In order to prevent spam and provide limited incentive to hack our site, I've performed the following on our website:

Wordpress Admin: Settings >> Discussion

uncheck "allow link notifications from other blogs"
  • check "users must be registered" (this is optional)
  • check "automatically close comments" if there is a date which your articles probably become stale
  • check "comment must be manually approved"
  • uncheck "comment author must have a previously approved comment"

Disable XMLRPC

If you don't know what it is, you should consider disabling it. Keeping it open can result in your website being prone to a number of crippling attacks in addition to spam. There are plugins like Wordpress JetPack that will do this (which I consider a little too bloated) as well as numerous other Disable XMLRPC plugins if you search for them. You can also add the following code to the functions.php file in your Wordpress theme if you're handy.

add_filter('xmlrpc_enabled', '__return_false');

Uncheck "allow trackbacks and pingbacks on this page."

Make sure every article you publish has this option unchecked. If you don't know what it is, don't worry. It was a way of notifying others and being notified on your articles who linked to an article. If someone cited your article and provided a link, a mention and link would appear underneath your article to the website linking to it. At present, trackbacks and pingbacks are primarily used for spam and artificial backlink building, neither of which are beneficial. You can mass edit all your posts and turn it off in your Wordpress Admin in the "Posts" section of the admin area. But you can also globally disable it by adding the following to your functions.php file in your Wordpress theme or template.

add_filter( 'xmlrpc_methods', 'remove_xmlrpc_pingback_ping' );
function remove_xmlrpc_pingback_ping( $methods ) {
unset( $methods[''] );
return $methods;
} ;

Wordfence Wordpress Security Plugin

One of the plugins we use on to protect our Wordpress multisite is Wordfence. The free version is an essential level of protection against the hacking and scraping of your Wordpress site. It is preventative in nature, protecting you against attack and exploitation. It generally is not a "scanner" which identifies existing exploits. It also notifies you periodically when your Wordpress installation and plugins are out of date.

Word of warning - after installation, you will shocked at how often Wordfence will notify you of attempts to hack into your website. We receive several reports hourly on a slow day. The plugin will lock out hackers after a certain number of unsuccessful attempts to login as an unauthorized Wordpress administrator. It will also throttle or completely block bots and spiders looking to scrape a website's content or potentially commit some other malicious act. For a fee, Wordfence also provides additional controls, which can be very useful for novices, such as country blocking using an easy to use Wordpress interface. If you're an English based website focusing on a United States specific audience, you may benefit by blocking countries such as China, Russia, Ukraine and other primarily non-English speaking countries.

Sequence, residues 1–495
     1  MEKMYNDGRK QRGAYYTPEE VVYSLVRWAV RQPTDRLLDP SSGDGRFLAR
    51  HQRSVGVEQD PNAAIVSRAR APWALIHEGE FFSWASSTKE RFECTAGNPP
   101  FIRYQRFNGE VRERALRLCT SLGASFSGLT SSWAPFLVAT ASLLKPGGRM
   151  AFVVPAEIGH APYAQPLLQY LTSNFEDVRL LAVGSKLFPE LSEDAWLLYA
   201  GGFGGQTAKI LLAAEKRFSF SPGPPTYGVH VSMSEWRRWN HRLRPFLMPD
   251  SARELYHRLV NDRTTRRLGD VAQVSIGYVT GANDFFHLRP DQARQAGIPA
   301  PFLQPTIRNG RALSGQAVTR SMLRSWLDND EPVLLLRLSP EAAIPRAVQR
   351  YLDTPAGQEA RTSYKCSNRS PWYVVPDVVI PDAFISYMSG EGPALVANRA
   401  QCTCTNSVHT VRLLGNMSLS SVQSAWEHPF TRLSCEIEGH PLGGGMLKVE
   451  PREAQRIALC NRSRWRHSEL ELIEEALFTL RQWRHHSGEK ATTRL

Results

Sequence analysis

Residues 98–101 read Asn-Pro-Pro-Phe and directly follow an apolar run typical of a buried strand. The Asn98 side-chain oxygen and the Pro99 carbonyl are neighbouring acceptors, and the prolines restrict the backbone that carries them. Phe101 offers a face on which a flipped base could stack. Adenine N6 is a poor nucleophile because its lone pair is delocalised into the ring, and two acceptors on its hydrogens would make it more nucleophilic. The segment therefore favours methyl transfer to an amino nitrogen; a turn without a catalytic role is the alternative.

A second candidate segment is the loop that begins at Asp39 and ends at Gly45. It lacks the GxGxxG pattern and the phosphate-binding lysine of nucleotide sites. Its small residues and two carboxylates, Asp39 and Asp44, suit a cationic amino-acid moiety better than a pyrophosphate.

Ban Hammer - Ban Wordpress Registrations and IP Addresses

Another effective Wordpress security plugin is Ban Hammer. While Wordfence bans IP addresses too, Ban Hammer also allows webmasters to ban users trying to register from certain domains. By far, the worst offenders and attempted spammers registering on our website were from, a free email service provider also known as Using the Ban Hammer plugin we can ban all registrations from gmx, and all of their long list of free email addresses that they provide. There are numerous additional tools in Ban Hammer that are too long to list, but it's worth investigating and installing in my opinion.

Akismet - Comment Spam Protection

Akismet is the de facto standard for comment spam protection foryour Wordpress site. I won't go into detail as this is not really a security plugin per se. I'll just mention it in passing since it's an important Wordpress plugin and not mentioned above.

Captcha Plugin

I've had the pleasure of working with the good people at BestWebSoft and discovered they have a very popular Wordpress captcha plugin that works quite well at stopping automated scripts from exploiting your registration system. While the captcha plugin created some css styling conflicts and its function is covered by other plugins we use at the moment, it is an excellent and highly flexible captcha system. For example, you can thwart bots by having simple math questions presented, generated at random, requiring a different answer with every page load.

Other Notable Wordpress Security Plugins

I have used the following Wordpress security plugins sparingly, and they do bear mentioning since they are popular among other webmasters:

.htaccess Files and IP Address Ban List

This article has already exceeded 2,500 words! I hope that I've been able to keep your attention and leave you with a useful takeway too. While we also secure our website using a special file called the ".htacess" file on our server, this topic is far beyond the scope of this article and an art in itself. But the takeaway I can provide you with a list of IP addresses we've banned on our server and which you can as well using the techniques described above.

If you have any questions or wish to contact me, please don't hesitate to do so. If you're curious about my background, I've been a webmaster and site administrator for over 20 years. I'm extremely visible in webmastering and search engine optimization forums if you look very closely! Wishing you the best of luck with your websites and safe webmastering!
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About author
Michael Wechsler
Michael M. Wechsler is an experienced attorney, founder of, A. Research Scholar at Columbia Business School and of-counsel to Kaplan, Williams & Graffeo, LLC. He was also an SVP and chief Internet strategist at and legal consultant at Kroll Ontrack, a leading service e-discovery and computer forensics service provider.